14. Am I the only one who really dislikes this figure? The pose is better than last years Carcharodontosaurus and being bold is fine with new ideas. However I feel the paint scheme is awful and cartoonish, as a predator he’d stick out like a sore thumb, The base is bland. The scaly underbelly looks unnatural, the tail looks skinny and it has chicken legs. Feathers have never been found in any T Rex fossils. If other better models are going to be knocked for anatomical irregularities I am going to be just as hard about going over the top with feathers that may never have existed, just because a relative Yutyrannus has been found with them does not mean all theropods did. The head feathers look like something from Priscilla Queen Of The Desert.
    I understand why people who are feather mad will like this but I like my dino’s to be limited to exactly what is currently known scientifically.
    I can’t believe people would prefer this over Rebors. Apart from the angry eye orbits Jurassic Park style, its a far more impressive beast and deserves far more than the two and a half it received.

    • Personally, if I had been in charge of the colour scheme, I’d have probably gone with something a bit more subtle. Perhaps similar to the plumage of an eagle or a turkey, just like Julius Csotonyi’s most recent art. But part of the fun with dinosaur figures is that you can get away with bright colour schemes and there’s really nothing to prove you wrong. And I’ve seen plenty of scaly renditions of T. rex that are just as brightly coloured as ol’ Firestreak here.

      A friend of mine pointed out on FB that we assume that large land predators can’t be brightly coloured because we’re accustomed to lions, hyenas, wolves, polar bears, etc. But dinosaurs may have lived by a completely different set of “rules.” And Firestreak’s red crest could easily be seen as breeding plumage that moults in and out.

      Now as far as feathers on T. rex are concerned, I’ve heard a lot of paleontologists speak on the topic and quite a number of them are in favour of it. These would include Thomas Holtz, Steve Brusatte, and Mark Witton. Pointing out that we haven’t found any T. rex fossils with feather impressions is rather meaningless given that we also haven’t found any Argentavis or Kelenken or Gastornis fossils with feather impressions. For that matter, we haven’t found any Smilodon or Arctodus fossils with fur.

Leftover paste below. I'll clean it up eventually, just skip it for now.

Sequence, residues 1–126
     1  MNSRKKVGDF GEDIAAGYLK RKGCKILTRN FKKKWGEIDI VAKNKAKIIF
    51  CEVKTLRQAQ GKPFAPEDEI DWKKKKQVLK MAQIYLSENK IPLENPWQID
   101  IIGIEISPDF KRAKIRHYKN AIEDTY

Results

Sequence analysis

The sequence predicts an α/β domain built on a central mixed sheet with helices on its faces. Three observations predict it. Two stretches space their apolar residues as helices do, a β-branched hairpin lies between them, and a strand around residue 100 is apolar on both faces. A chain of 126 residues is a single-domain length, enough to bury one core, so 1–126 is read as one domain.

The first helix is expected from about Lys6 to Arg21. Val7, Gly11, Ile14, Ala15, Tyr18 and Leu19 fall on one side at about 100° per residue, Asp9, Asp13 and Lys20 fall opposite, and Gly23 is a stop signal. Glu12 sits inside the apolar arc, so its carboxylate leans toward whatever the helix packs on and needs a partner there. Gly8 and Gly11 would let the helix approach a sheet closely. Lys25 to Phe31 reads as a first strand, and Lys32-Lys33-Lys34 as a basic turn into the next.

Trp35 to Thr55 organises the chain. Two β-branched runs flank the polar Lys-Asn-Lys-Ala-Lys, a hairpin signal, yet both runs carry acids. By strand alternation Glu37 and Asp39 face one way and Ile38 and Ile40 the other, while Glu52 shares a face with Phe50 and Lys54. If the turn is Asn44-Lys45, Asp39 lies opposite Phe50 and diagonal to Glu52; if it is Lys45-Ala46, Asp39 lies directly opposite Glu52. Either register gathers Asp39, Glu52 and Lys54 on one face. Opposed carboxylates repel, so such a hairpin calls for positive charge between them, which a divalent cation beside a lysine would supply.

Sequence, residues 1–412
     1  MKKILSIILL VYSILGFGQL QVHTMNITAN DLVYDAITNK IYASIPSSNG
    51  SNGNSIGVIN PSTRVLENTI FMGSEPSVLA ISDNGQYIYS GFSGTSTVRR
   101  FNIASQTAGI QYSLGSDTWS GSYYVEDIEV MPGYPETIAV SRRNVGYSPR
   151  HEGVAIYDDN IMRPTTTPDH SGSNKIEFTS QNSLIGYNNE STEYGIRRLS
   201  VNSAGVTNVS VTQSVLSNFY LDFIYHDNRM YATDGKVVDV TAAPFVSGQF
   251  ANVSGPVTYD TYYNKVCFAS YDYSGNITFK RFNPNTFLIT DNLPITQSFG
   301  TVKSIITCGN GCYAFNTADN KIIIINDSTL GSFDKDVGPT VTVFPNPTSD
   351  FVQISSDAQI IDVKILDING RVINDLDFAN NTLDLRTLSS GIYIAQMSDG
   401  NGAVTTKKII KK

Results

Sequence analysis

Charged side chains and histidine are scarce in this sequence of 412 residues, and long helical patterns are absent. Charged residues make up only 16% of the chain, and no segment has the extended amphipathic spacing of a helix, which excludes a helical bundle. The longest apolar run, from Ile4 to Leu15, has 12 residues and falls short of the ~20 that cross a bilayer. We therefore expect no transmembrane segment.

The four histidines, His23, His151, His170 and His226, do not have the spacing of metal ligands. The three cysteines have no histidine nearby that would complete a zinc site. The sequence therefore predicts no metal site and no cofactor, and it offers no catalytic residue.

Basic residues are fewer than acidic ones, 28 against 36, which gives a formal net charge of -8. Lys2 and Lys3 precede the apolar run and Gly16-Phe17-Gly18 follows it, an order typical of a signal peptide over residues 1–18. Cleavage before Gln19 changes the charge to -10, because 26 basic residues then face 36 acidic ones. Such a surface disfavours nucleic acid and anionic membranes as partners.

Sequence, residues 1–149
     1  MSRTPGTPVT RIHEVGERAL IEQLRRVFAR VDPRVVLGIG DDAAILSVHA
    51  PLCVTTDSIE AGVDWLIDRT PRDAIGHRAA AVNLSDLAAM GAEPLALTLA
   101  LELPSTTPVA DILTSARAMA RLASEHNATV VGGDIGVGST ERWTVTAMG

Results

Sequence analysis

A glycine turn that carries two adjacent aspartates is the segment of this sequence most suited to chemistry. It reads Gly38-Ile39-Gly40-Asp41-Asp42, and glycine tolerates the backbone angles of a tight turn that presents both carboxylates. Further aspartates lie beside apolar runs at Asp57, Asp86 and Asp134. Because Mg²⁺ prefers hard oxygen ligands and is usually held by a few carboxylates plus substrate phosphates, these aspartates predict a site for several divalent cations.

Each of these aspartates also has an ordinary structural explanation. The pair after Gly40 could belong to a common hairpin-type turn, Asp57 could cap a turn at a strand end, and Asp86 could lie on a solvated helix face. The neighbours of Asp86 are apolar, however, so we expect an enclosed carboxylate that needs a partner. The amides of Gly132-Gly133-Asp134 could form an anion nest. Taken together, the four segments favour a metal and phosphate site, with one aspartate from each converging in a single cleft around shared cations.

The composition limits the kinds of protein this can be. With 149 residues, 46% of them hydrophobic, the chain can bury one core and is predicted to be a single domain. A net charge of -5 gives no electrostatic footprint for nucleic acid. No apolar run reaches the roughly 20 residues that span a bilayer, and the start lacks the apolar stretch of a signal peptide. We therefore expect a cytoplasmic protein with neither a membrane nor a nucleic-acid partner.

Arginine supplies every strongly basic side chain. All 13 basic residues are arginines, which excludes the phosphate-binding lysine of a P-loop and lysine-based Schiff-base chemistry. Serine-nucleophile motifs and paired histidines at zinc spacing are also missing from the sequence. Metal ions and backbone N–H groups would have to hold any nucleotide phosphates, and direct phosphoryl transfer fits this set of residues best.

Oh, and I would surmise that another reason CollectA went with a bright colour scheme was to attract younger fans. Which is quite a good reason.

      As far as the REBOR statue goes, I’m not a fan of it at all. To me, it’s a well-sculpted but dull, outdated, over-the-top representation of T. rex. I like my dinosaurs depicted as animals, not monsters. But if you like it, all the power to you, mate. Cheers.

    • One more thought:

      While I am all for scientific accuracy, the notion that depictions of dinosaurs should strictly adhere to what is currently known has long struck me as a slippery slope. The majority of dinosaurs are only known from fragmentary remains, and we still know virtually nothing about what colour they were. Take speculation out of the equation, and dinosaurs are reduced to mere piles of fossil bones.

    • A few more of your points that I missed earlier:

      The tail does look thin in some of the photos I took, but I assure you that it isn’t. It’s actually one of the more muscular tails I’ve seen on a T. rex toy.

      The base is indeed plain, but it was a last minute addition to the toy. All of CollectA’s bases are pretty plain anyway.

      The bare underside would have prevented a large feathered animal from overheating. Most artistic depictions of feathered tyrannosaurids and therizinosaurids have bare undersides. And bare legs absolutely make sense.

  15. Christopher Dobinson

    Fantastic review, I so can’t wait to get my copies….one is going to be repainted;) I too am a little disappointed the base is a permanent fixture though.

    • Thank you. I must say, I am flattered by all these compliments!

      I asked CollectA about the base and they confirmed that it was added due to the toy’s lack of stability. The unavoidable fact of the matter is that you simply can’t have a large theropod figure in an active pose without either a base, a tripod stance, or oversized feet.

      I’m very eager to see how people repaint this toy. If I possessed any painting skills, I’d try to base it on a harpy eagle.

      • I have 2 on preorder, but I’d really like a third. 2 for repaints, I have 2 ideas πŸ™‚ and the third to keep as is. Should have used my screen name the first time…oooops πŸ˜€

        • Nice. If CollectA were to re-release this toy in 2016 with a different colour scheme, I would probably snap it up. A black and white colour scheme might be nifty.

          • Funny you would say that….a crow-like color scheme was what I was thinking of for one of them….and/or a bearded Vulture. πŸ˜‰